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I'd love to find an aluminum or steel hull trawler! Tough as nails and can last much longer than fiberglass hulls.
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Old 07-02-2016, 05:28 PM   #65
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A rusting steel hull has easier detection and correction than a plastic hull containing rotting wood cores. Steel requires continual maintenance, but can result in fewer serious "uh ohs."
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Old 07-02-2016, 06:10 PM   #66
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Steel, steel, steel. This guy must has been happy with steel.
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Old 07-02-2016, 06:58 PM   #67
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Considering it's floating on its lines I'd say he is too
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Old 07-02-2016, 09:39 PM   #68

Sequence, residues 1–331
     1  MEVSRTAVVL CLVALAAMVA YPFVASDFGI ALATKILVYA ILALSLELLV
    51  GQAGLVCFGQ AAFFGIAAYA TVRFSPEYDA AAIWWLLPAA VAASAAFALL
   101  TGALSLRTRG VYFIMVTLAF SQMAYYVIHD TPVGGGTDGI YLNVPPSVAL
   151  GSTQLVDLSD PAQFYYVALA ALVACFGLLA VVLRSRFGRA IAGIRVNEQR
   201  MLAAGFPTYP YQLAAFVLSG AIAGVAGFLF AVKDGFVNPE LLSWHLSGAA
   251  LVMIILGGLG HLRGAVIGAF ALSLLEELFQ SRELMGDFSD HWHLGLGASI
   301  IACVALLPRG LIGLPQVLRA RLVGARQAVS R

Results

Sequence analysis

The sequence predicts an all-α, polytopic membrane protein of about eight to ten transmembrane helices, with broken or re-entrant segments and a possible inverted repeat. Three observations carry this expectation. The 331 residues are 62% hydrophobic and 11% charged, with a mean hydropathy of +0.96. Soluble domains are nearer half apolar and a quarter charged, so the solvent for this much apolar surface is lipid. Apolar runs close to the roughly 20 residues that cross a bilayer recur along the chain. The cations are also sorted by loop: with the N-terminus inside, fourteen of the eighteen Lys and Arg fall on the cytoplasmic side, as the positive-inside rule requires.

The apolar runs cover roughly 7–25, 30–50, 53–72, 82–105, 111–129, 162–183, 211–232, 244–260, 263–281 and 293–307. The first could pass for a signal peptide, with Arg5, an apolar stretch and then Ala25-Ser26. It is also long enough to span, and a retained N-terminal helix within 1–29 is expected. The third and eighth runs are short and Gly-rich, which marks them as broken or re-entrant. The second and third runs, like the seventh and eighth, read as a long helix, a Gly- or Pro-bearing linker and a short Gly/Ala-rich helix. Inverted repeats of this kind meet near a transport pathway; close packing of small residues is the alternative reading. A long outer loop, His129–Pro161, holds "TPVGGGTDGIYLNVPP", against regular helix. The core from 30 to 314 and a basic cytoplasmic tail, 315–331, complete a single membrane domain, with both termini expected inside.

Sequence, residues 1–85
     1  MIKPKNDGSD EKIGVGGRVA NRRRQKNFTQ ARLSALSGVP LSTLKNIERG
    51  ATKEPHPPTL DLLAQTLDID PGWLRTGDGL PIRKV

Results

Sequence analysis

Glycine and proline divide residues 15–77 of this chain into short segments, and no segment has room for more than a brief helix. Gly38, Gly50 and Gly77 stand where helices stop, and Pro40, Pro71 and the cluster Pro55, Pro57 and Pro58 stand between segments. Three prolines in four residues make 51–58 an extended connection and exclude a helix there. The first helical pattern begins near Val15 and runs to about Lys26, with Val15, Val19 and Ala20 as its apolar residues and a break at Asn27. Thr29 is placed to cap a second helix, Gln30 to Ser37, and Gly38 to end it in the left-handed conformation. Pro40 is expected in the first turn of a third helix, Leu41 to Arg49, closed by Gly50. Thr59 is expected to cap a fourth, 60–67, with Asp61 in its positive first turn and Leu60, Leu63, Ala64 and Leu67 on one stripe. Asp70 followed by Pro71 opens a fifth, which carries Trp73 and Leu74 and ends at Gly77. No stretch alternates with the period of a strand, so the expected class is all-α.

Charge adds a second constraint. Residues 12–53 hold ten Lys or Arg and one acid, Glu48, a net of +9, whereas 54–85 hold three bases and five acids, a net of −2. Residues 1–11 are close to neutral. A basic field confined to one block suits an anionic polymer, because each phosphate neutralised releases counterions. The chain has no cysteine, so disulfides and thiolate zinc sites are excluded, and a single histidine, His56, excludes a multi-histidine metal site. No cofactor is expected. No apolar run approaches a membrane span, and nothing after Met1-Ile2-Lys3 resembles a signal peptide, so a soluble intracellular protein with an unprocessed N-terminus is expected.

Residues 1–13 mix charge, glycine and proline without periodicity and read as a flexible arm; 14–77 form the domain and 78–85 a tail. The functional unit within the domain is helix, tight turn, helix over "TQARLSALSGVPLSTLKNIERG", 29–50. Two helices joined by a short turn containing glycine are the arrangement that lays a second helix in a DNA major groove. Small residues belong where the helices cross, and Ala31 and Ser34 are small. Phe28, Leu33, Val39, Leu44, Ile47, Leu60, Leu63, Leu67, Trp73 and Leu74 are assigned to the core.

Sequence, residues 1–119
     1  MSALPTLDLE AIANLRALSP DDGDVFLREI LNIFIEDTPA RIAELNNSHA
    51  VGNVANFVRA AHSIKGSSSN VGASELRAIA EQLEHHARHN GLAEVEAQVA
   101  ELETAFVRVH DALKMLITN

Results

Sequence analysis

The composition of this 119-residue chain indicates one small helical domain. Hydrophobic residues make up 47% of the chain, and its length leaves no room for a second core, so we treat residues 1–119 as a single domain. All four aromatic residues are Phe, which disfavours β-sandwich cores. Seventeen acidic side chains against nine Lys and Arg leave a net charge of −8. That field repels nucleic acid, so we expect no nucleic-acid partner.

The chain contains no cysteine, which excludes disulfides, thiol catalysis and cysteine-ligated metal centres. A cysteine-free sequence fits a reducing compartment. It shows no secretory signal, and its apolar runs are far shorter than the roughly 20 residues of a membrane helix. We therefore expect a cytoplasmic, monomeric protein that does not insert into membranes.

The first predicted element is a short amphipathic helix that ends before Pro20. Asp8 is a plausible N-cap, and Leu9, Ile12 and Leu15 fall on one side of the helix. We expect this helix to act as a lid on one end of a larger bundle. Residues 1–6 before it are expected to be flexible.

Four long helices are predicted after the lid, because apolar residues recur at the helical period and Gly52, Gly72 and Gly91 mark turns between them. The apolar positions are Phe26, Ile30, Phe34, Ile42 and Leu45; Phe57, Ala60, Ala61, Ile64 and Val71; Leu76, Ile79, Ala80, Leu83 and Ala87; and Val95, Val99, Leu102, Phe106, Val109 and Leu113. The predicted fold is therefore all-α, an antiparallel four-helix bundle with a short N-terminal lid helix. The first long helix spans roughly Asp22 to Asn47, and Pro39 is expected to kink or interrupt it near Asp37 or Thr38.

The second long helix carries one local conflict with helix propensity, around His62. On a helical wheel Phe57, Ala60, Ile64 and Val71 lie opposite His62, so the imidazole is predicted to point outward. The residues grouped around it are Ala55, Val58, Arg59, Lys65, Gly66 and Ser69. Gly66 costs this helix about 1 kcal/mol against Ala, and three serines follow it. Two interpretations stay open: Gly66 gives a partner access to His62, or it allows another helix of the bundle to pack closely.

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Fresh water steel boat hulls can last a long time in the Great Lakes. We have two work boats that are close to 80 years old and they don't get much love.
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Old 07-02-2016, 11:49 PM   #69
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$1,750,000 here
Used 2004 Don Brooke 20m Expedition Motor Yacht Power Boat QLD 4178 - Yacht & Boat

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Don Brooke Pilothouse 20m Expedition Motor Yacht: Power Boats | Boats Online for Sale | Steel 13mm | Queensland (Qld) | Boats Online

I dont go for steel myself but that is some impressive chunk of it.
13mm plate and look at the size of that main cabin
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Old 07-03-2016, 06:42 AM   #70
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"I'd love to find an aluminum or steel hull trawler! Tough as nails and can last much longer than fiberglass hulls."

Early sail hulls like the Bounty are 60-70 years young and will still pass a survey.

The QUALITY of construction is key to any boat longevity.
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Old 07-03-2016, 09:20 AM   #71